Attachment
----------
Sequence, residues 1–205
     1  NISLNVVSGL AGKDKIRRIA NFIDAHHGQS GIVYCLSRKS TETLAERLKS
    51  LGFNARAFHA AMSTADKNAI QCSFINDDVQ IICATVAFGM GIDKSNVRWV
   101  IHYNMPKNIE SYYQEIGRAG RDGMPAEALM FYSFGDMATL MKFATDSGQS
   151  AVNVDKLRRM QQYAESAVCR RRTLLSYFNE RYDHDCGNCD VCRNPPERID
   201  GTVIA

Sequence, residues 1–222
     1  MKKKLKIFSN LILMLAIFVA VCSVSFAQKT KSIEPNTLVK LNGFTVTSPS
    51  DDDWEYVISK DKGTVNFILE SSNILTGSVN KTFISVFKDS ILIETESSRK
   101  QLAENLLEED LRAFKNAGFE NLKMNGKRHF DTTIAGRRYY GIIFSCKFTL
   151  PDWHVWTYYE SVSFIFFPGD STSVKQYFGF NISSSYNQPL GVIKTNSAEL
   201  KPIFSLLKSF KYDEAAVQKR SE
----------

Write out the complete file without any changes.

Sequence, residues 1–205
     1  NISLNVVSGL AGKDKIRRIA NFIDAHHGQS GIVYCLSRKS TETLAERLKS
    51  LGFNARAFHA AMSTADKNAI QCSFINDDVQ IICATVAFGM GIDKSNVRWV
   101  IHYNMPKNIE SYYQEIGRAG RDGMPAEALM FYSFGDMATL MKFATDSGQS
   151  AVNVDKLRRM QQYAESAVCR RRTLLSYFNE RYDHDCGNCD VCRNPPERID
   201  GTVIA

Sequence, residues 1–222
     1  MKKKLKIFSN LILMLAIFVA VCSVSFAQKT KSIEPNTLVK LNGFTVTSPS
    51  DDDWEYVISK DKGTVNFILE SSNILTGSVN KTFISVFKDS ILIETESSRK
   101  QLAENLLEED LRAFKNAGFE NLKMNGKRHF DTTIAGRRYY GIIFSCKFTL
   151  PDWHVWTYYE SVSFIFFPGD STSVKQYFGF NISSSYNQPL GVIKTNSAEL
   201  KPIFSLLKSF KYDEAAVQKR SE